Thursday, January 29, 2009

Music review: Frith's 'Lelekovice' inspires on strong Calder Quartet concert

English guitarist, composer and educator Fred Frith.

By Greg Stepanich

LAKE WORTH -- There are many ways to describe music, from the fanciful to the mundane, but Wednesday afternoon a young string quartet from Los Angeles compellingly brought an audience's ears back to the art's most fundamental identity: Sound.

The Calder Quartet, a four-man group that likes to mix provocative new works with fresh interpretations of the old, opened the Duncan Theatre's chamber music series with two canonical works by Mozart and Beethoven, and one quartet from 1990 by the English guitarist Fred Frith.

Frith's piece, titled Lelekovice after the Czech hometown of a Frith friend who is a violinist and singer, is a nine-movement exploration of a Gypsy scale replete with string glissandi, passionate fragments of folksong and effects that evoke, among other things, the sound of a crushed button-box. In concert, Frith is fond of bowing electric guitars and relishing the sound, and this work had all the hallmarks of a piece written by someone in love with the sheer pleasure of aural mischief and exploration.

Interesting effects abounded in the work, such as in the second movement, as cellist Eric Byers ran his index finger up and down the C string, creating a steady wave of hush, while violist Jonathan Moerschel played jagged shards of the scale above. In the sixth, a pounding dance rhythm begun by first violinist Benjamin Jacobson led into an emotionally tumultuous landscape that tore itself apart before the rhythm started things up once again.

In the seventh, the music switched to a glacial pace, with meditative, slowly moving chords ornamented briefly as Jacobson played pieces of melody that started but stopped abruptly, and in the ninth, a simple, slow, back-and-forth two-chord seesaw underlay wisps of the scale as the music quietly expired.

It was a fascinating piece of music, no doubt not to everyone's taste, but a marvelous way to reorient the listening apparatus and hear notes and musical structures in new ways. The Calder's performance was exceptional, with each player clearly committed to making the piece work, in part because such a work forces musicians to be on their toes at all times.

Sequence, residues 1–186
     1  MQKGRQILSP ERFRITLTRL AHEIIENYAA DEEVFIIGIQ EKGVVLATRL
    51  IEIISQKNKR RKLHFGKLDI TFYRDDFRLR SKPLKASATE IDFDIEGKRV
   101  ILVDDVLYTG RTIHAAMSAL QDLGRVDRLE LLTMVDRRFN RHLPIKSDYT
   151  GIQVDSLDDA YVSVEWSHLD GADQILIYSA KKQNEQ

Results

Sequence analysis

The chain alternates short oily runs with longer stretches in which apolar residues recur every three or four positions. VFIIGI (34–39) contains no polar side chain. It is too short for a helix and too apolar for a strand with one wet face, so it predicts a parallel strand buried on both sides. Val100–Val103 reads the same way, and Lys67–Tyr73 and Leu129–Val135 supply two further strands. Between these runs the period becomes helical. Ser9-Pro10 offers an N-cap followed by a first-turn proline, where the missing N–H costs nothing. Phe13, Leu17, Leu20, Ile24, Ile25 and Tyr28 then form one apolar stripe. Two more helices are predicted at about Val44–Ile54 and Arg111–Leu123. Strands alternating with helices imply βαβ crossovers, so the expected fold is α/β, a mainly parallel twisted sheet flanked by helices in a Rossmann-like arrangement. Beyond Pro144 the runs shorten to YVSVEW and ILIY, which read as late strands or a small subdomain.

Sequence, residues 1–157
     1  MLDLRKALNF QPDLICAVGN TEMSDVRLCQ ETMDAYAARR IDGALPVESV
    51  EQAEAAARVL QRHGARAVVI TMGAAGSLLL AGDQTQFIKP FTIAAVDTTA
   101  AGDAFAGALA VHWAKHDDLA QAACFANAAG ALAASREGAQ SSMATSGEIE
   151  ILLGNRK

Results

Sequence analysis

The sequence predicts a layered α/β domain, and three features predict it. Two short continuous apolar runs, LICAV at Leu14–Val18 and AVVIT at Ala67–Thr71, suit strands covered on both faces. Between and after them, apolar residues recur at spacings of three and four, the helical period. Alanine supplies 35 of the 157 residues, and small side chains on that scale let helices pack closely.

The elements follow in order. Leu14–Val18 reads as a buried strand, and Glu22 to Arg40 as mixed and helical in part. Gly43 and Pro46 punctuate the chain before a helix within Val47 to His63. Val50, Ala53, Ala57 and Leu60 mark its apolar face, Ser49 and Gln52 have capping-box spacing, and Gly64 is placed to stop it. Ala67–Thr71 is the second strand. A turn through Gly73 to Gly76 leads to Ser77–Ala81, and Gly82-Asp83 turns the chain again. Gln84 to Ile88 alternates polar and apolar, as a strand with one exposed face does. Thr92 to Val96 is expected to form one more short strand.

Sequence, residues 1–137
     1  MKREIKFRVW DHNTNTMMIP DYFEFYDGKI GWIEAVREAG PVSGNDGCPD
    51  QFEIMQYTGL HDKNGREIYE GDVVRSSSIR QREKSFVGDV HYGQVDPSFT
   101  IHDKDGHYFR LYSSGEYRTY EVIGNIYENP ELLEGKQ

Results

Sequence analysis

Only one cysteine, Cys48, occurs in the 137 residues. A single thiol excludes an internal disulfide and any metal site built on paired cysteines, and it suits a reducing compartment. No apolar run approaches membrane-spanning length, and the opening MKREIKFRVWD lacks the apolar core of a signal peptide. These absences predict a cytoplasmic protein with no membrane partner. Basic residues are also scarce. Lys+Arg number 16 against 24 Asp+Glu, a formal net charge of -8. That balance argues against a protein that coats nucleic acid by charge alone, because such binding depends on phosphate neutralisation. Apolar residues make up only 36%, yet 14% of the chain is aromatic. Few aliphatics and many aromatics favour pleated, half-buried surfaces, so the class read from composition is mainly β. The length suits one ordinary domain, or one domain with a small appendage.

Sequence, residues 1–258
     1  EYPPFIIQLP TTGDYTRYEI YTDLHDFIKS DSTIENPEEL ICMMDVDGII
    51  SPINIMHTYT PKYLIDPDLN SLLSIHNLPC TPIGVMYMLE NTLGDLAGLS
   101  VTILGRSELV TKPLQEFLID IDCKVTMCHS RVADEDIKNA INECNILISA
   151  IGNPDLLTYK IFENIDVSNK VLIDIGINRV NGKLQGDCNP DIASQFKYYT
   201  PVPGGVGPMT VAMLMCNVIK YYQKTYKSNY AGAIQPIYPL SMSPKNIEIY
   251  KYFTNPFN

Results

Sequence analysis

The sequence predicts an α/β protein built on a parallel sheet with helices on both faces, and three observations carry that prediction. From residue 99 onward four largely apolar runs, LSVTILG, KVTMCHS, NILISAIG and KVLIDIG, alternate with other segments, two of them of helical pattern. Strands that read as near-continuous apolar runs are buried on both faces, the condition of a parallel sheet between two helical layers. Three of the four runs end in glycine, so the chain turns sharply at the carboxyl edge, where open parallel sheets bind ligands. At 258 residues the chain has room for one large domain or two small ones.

"We really appreciate you going there with us," second violinist Andrew Bulbrook told the audience at the beginning of the second half, recounting the Frith performance, which had closed the first half. And it seemed to me that playing the Frith did wonders for the piece they played next, the first so-called Rasumovsky Quartet (No. 7 in F, Op. 59, No. 1) of Beethoven.

In his remarks, Bulbrook argued that the three Rasumovsky quartets are an example of how Beethoven remade the legacy of Mozart and Haydn in ways that were alarming to contemporary audiences. So here was a Rasumovsky reading that stressed the work's weirdness and originality; those famous sudden half-note chords just before the recapitulation in the first movement sounded arresting and strange, especially amid the full-bodied serenity of the music surrounding it.

In the second movement (briefly interrupted by a string slipping on Byers' cello), the military-style rhythmic tattoo was presented with force and power, and there was a special note-conscious beauty to the interplay of the four instruments as they traded changes on the six-note motif that makes up a major part of the main theme.

The slow movement showcased the ability of this quartet to play beautiful music with high emotion, and it was here too that the quartet demonstrated one of its other fine attributes, that of playing consistently in tune. Jacobson played the elaborate ending of the third movement with precision and care, and it led logically, as it's written to do, into the trill that opens the finale. The Calder gave the finale more of the fresh, springy quality it gave to the whole piece, with sharply contrasted dynamics and exuberant rhythms paramount.

The concert opened with the Dissonant Quartet of Mozart (No. 19 in C, K. 465), so named for the harmonic asperity of its opening bars. String quartets often make a point of drawing out the clashes in these measures, but the Calder stayed well away from that approach, choosing to make the opening smooth and trouble-free.

The strengths of this fine foursome were in abundant display throughout the Mozart: Accurate tuning, first-rate ensemble, and a flexibility of approach to different styles that allowed, for example, the minuet and trio of the work to be played with such bold, exciting contrast.

The next chamber group in the Duncan series is the Mozart Piano Quartet, a group from Germany that will play a program of well-known piano quartets from its home country: Beethoven's Op. 16 (in E-flat), the Brahms G minor (Op. 25) and the Schumann in E-flat, Op. 47. The concert is set for 3 p.m. Wednesday, Feb. 18, at the Duncan Theatre on the campus of Palm Beach Community College in Lake Worth. Tickets are $25. Call 868-3309 or visit www.pbcc.edu.

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